# How many biases are there in one CNN layer?

Hi everyone,

if I take a look at this slide I can see that each layer inside a CNN hast n[l]_c unique biases (b_1, b_2, …). So the number of hyperparameters in each layer should be calculated by the following formula: f[l]_H x f[l]_W x n[l]_c + n[l]_c

Please correct my if I’m wrong. It seems like the formula above is not working correctly for the quiz in Week 1 and the reason being the number of biases. So, is there only one bias in each layer being propagated to each filter or are there n[l]_c unique biases?

Thank you and best,
Bakir

There is one bias value for each output channel. So the number of trainable parameters in a layer that has a filter array W which is f x f x nC_{prev} x nC would be:

f * f * nC_{prev} * nC + nC

Or maybe it’s clearer to write it like this:

nC * (f * f * nC_{prev} + 1)

In other words, for each output channel, you’ve got a filter the same shape as the input plus one bias term.

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I have a question on basics.

Why is the number of biases nC and not nCprev * nC. I mean for an RGB image, that would have allowed the user to give higher preference to a specific color channel over the others. While (I think) that can be achieved by adjusting the weights, wouldn’t a bias per color channel have been easier ?

Thanks,
Prashanth Raju

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It’s a worthy question, but it turns out that doing that doesn’t really add anything other than complexity. You already have learnable parameters corresponding to the weight that gets multiplied by each color channel of the input. If you add a bias at that level, then it you can rearrange the computation so that the bias term is the sum of all those extra terms you just added. So you could have learned the same solution just with a single bias term. With your layout we now have more parameters to learn in order to get to the same place. So why bother?

The other way to make this point is to say that if you want to give more weight to one of the color channels, the model as Prof Ng has defined it already has the ability to do that, right? Each filter already has separate w_{ij} values for each channel. So if giving more emphasis to (say) red colors in the image gives better results, the model can learn that already by just increasing the values it assigns to the w values that correspond to the red channel.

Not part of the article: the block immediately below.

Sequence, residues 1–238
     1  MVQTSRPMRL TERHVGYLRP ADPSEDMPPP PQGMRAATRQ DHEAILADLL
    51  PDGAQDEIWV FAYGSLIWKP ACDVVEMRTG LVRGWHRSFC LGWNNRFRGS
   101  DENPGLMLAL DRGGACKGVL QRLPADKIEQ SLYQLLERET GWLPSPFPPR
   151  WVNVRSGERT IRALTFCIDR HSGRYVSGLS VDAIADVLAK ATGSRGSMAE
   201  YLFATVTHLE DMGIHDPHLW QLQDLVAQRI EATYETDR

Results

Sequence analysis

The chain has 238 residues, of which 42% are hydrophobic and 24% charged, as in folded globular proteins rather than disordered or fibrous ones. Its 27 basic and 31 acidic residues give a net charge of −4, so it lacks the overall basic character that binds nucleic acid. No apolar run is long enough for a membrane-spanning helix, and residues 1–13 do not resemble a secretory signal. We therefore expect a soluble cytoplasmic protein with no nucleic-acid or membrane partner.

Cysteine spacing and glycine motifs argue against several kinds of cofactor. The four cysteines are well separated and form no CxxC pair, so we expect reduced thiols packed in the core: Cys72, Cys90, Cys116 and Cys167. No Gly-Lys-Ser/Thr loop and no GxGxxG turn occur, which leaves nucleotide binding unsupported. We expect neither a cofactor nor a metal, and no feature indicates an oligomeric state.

Of course this example is just that: an example. Note that it’s not really the right idea to think of the channels in the inner layers of the network as “colors”. Once you get past the input layer, they are just real numbers that can represent anything (the intensity of the signal that I think I see something that looks like a vertical edge or a cat’s ear or an elephant’s trunk) rather than something predefined like “colors”. See the lecture “What are Deep ConvNets Learning” in Week 4 for more information about that.

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Paul, thank you so much for your explanation. I am inspired by the concept that we dont need separate bias for each RGB channel. If we want to detect vertical edges, the W values are all the same no matter we are in R/G/B channel.
Yet, Why don’t we have bias for each W inside a f x f matrix as shown in my diagram?
In a filter of size 2 x 2 , there are 4 distinct weight values.
In a fully connected setting, Z = W * X + b, b is a vector that is same size as Z.
Why when we do convolution, we seems that here we “share a bias value among all weights value inside a filter matrix”?

I addressed this point in my previous response, but perhaps what I said was too many words and should have included some formulas. Yes, you can do that, but you gain nothing from the 4 separate b values: you can also add them up as a single scalar value and it is mathematically equivalent. So why learn 4 separate parameters when learning 1 is equivalent?

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To see this, just write out the formula for, say, z_{11}^{1} in your right hand version:

z_{11}^{1} = \displaystyle \sum_{c = 1}^3 \sum_{h = 1}^2 \sum_{w = 1}^2 \left ( w_{hw}^c x_{hw}^c + b_{hw}^c \right )

But you can regroup the terms like this:

z_{11}^{1} = \displaystyle \sum_{c = 1}^3 \sum_{h = 1}^2 \sum_{w = 1}^2 w_{hw}^c x_{hw}^c + \sum_{c = 1}^3 \sum_{h = 1}^2 \sum_{w = 1}^2 b_{hw}^c

Because that last term doesn’t interact directly with x values, you can just write it as:

b = \displaystyle \sum_{c = 1}^3 \sum_{h = 1}^2 \sum_{w = 1}^2 b_{hw}^c

And be done. If you take the channels into account, it’s actually 12 separate b values. Why learn 12 parameters, when it’s mathematically equivalent to a single parameter?

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Paul, you are really a hero. I got stuck for 2 weeks, checking tones of “other resources” such as youtuber explanation online. It turns out that many of those are using matrix to represent the bias term. The more I check, the more I got confused. Truly thanks for this crystal clear explanation.

And let me summarize the learning.
The no of bias term, b, depends on the no of W terms, NOT related to the no of scalar values in matrix Z. Though we could assign 1 bias, b, for each W, it doesn’t improve our learning algo performance, since the sum of all scalar is still a scalar!!!

Attached is the jpeg for a expanded version without using any summation term, just to share with all learners. Happy learning.

Thank you, Paul.